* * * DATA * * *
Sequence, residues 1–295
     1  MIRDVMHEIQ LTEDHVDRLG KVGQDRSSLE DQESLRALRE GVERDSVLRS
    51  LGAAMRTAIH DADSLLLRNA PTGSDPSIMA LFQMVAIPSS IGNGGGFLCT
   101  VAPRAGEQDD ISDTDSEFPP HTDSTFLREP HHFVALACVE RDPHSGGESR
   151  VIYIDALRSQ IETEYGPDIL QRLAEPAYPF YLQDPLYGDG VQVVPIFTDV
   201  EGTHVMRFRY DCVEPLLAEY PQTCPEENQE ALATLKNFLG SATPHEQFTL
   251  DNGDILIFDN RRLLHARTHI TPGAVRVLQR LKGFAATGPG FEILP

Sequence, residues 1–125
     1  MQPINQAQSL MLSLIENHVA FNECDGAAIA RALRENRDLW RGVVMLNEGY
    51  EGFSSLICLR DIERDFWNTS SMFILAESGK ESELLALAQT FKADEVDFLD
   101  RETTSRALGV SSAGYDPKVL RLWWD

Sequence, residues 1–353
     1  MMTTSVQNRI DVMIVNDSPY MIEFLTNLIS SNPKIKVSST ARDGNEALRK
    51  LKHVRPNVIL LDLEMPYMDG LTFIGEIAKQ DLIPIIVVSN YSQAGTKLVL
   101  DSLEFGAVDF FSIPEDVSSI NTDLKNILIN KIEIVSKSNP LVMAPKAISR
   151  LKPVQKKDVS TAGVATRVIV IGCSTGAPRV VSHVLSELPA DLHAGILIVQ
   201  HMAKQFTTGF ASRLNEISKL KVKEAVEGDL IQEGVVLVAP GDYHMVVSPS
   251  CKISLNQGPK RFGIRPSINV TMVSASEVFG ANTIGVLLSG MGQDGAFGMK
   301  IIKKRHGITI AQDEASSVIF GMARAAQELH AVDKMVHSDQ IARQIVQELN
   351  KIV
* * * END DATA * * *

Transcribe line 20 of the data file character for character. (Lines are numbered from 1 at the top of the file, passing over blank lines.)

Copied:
   351  KIV